Whistler hopes to drive air traffic to YVR 

Tourism Whistler partners with YVR to showcase Whistler Blackcomb at this year's World Route Development Forum

Driving more airline traffic to the Vancouver International Airport (YVR) and subsequently the tourism markets of Vancouver and Whistler was the goal of a partnership between Tourism Whistler, Tourism Vancouver and the Vancouver Airport Authority during this year's World Route Development Forum held in Vancouver Sept. 19-21.

The annual forum takes place in a different city each year and brings together more than 3,000 international aviation decision-makers from 300 airlines and 600 airports to pitch new routes and services. The forum also offers the opportunity for regional economic growth, showcasing Vancouver and Whistler as attractive destinations for international business and leisure travelers.

"Ideally you want to host it and showcase your airport and your region to encourage new routes into Vancouver, so what the Vancouver Airport Authority is trying to do is showcase not just Vancouver but Whistler as part of the surrounding draw of why increasing airline frequency and capacity will have a good product here," said Karen Goodwin, director of sales at Tourism Whistler.

"What we are trying to showcase is not just Whistler from a tourism point of view but that there is ongoing investment here. Our goal is that they walk away saying, 'This is a more beautiful destination than I thought and there is a positive business upside, maybe I should rethink Vancouver as a potential destination where I can be successful bringing in a new route.'"

On Saturday, Sept. 18, Tourism Whistler, Whistler Blackcomb and the Vancouver Airport Authority co-hosted a VIP program for 27 representatives from 13 airlines at Whistler-Blackcomb. Larry Berg, president and CEO of YVR, and Rick Antonson, president and CEO of Tourism Vancouver, joined route-planning representatives from companies such as American Airlines, China Airlines, and China Southern Airlines in a full tour of the mountains and resort. The day included a helicopter flight from Squamish to Whistler, a ride on the Peak to Peak gondola, a catered lunch at Steeps Grill at the Roundhouse on Whistler, a talk by Tourism Whistler President and CEO Barrett Fisher, a turn through the conference centre and a walking tour of the village led by Mayor Ken Melamed.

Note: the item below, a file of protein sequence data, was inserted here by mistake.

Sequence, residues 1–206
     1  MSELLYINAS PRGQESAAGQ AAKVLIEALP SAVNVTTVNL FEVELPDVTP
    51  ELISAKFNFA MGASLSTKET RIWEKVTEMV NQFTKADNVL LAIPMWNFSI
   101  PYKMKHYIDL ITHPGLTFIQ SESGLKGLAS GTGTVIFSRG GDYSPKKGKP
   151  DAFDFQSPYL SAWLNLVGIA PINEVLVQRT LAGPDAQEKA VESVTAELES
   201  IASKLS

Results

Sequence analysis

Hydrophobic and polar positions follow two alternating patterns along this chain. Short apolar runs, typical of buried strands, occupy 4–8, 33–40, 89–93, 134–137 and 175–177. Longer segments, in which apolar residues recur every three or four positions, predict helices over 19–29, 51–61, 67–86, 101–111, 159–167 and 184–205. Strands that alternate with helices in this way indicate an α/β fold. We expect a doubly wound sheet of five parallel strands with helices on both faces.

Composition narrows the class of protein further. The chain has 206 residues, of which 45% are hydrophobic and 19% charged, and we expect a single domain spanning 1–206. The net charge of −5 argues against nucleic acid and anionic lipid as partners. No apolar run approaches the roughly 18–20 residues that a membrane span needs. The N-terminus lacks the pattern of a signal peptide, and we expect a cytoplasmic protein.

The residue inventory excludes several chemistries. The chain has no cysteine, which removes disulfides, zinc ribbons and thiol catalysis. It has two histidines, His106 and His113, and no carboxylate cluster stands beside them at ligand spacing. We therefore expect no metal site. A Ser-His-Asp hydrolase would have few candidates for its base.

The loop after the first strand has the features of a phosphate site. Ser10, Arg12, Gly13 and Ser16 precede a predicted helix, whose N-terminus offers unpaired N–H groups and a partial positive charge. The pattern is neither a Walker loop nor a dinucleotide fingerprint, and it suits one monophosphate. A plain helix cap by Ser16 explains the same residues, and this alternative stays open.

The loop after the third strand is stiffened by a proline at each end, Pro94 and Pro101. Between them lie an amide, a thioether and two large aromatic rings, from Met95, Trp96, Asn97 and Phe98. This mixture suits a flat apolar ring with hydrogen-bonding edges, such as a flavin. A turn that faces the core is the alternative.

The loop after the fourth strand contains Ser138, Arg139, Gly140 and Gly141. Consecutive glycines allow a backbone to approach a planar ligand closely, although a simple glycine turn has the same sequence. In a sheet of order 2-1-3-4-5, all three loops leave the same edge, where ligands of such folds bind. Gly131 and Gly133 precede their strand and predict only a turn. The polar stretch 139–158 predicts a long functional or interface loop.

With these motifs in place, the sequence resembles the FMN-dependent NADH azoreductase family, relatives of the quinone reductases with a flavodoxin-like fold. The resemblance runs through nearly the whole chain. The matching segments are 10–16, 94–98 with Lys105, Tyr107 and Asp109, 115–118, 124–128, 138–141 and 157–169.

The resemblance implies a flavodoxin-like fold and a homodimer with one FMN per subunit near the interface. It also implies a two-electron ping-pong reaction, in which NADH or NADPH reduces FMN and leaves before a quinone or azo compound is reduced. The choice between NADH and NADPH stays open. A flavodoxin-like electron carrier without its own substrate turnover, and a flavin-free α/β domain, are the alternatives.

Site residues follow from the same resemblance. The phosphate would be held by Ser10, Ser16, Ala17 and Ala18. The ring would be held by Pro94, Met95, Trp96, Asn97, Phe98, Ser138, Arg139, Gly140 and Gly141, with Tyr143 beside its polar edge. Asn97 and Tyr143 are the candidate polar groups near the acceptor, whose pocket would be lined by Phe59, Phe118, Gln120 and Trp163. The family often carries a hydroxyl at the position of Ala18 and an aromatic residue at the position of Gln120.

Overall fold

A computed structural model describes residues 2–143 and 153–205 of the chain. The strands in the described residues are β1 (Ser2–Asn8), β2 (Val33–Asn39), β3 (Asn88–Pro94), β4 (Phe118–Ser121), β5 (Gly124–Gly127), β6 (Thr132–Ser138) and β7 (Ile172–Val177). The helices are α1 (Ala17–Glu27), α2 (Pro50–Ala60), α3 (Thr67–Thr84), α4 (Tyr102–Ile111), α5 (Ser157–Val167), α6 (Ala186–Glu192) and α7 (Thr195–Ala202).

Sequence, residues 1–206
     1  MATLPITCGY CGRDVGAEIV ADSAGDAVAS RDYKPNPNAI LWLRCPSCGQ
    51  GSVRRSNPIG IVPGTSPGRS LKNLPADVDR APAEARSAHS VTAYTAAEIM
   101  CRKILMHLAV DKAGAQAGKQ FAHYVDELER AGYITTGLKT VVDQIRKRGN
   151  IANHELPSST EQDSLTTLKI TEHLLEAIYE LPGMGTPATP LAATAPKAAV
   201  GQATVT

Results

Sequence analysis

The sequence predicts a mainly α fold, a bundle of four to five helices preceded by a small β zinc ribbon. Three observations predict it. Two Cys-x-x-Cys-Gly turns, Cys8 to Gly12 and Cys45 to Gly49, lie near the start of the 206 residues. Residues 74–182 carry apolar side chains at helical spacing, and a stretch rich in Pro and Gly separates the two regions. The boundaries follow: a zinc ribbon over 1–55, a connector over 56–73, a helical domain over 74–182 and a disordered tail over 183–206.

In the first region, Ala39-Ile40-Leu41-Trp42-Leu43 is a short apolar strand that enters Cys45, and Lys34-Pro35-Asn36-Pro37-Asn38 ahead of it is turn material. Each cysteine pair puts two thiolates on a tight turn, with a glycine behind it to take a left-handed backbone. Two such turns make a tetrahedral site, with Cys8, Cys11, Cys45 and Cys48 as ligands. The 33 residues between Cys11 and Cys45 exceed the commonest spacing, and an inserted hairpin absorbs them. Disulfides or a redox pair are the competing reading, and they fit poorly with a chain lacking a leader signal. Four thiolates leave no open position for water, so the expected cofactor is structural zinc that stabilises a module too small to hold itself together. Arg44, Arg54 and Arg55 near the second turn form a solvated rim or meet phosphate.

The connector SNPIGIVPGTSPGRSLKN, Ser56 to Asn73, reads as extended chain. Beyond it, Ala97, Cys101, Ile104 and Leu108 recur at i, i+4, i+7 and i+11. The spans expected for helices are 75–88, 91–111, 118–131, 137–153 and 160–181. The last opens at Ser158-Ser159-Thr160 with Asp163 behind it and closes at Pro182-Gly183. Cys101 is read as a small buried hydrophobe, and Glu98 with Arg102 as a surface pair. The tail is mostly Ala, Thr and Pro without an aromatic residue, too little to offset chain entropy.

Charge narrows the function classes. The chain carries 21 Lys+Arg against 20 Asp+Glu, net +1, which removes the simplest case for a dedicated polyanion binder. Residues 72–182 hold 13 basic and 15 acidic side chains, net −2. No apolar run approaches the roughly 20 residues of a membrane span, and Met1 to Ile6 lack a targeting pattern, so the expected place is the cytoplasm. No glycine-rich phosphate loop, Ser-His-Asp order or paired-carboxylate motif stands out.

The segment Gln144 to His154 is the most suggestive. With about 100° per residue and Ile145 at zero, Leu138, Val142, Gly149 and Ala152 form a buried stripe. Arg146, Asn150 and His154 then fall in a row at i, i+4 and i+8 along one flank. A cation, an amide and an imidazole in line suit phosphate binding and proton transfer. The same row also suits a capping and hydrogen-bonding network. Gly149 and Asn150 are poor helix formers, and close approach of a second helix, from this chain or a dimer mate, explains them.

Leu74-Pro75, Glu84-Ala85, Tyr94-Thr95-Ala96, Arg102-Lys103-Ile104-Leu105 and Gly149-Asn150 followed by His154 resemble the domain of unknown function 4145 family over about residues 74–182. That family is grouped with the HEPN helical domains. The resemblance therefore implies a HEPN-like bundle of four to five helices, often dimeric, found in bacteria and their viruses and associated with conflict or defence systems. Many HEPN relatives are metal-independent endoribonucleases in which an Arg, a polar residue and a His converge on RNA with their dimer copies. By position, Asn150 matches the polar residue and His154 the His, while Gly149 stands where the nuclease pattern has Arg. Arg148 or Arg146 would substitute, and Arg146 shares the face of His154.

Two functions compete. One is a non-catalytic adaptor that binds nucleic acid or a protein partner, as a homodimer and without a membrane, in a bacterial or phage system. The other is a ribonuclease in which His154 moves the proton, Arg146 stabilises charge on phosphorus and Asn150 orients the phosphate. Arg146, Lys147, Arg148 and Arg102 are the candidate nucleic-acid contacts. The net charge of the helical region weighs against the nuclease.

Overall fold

"People really got a sense of the importance of their arrival and they saw the tie-in of Whistler and Vancouver working together and they like that," said Antonson of the tour. "There are some markets, I would use Brazil and Mexico as good examples... there are good segments of both of those markets that frankly wouldn't travel all this way to see Vancouver. They will travel all this way to see Whistler and add Vancouver in, so Whistler is our lead and we do that co-operatively and package ourselves together.

"The Vancouver-Whistler or Whistler-Vancouver co-branding is a treasure that I tell you many of my counterparts around the world would love to have."

Tourism Whistler and Tourism Vancouver have a formal memorandum of understanding and work in constant partnership to further each other's goals. Goodwin says Whistler is a "significant" factor in influencing tourism in B.C., especially in encouraging stable travel numbers during the winter months when many airlines cut back the number of flights landing at YVR.

"Ideally you want a flight to run year-round," continued Goodwin. "You want to make sure their loads are good all year and when we show our strength as a ski resort, that we can drive that load factor through the winter, that's the benefit that Whistler can add to the mix because we know that Vancouver is popular in the summer with the cruises and the meetings and the leisure travel and we can round that out in the winter."

The province of British Columbia vocalized support for the Vancouver Airport Authority on Monday, Sept. 20 when it announced plans to introduce legislation to eliminate the jet fuel tax on jet fuel purchased in B.C. for use on international flights, cutting costs for airlines by approximately $20 million in the 2012-13 year.

"This step would build on the momentum of the 2010 Olympic and Paralympic Winter Games by helping YVR increase international flight frequencies and adding greater passenger capacity," Premier Gordon Campbell said in a press release Monday. "The change would help YVR and British Columbia markets as the preferred air gateway to North America and the world, bringing tourists and added economic activity to our province from around the globe."

The Vancouver International Airport is North America's closest West Coast airport to Asia and Europe. It hosts 70 airlines that serve more than 100 destinations.

 

 

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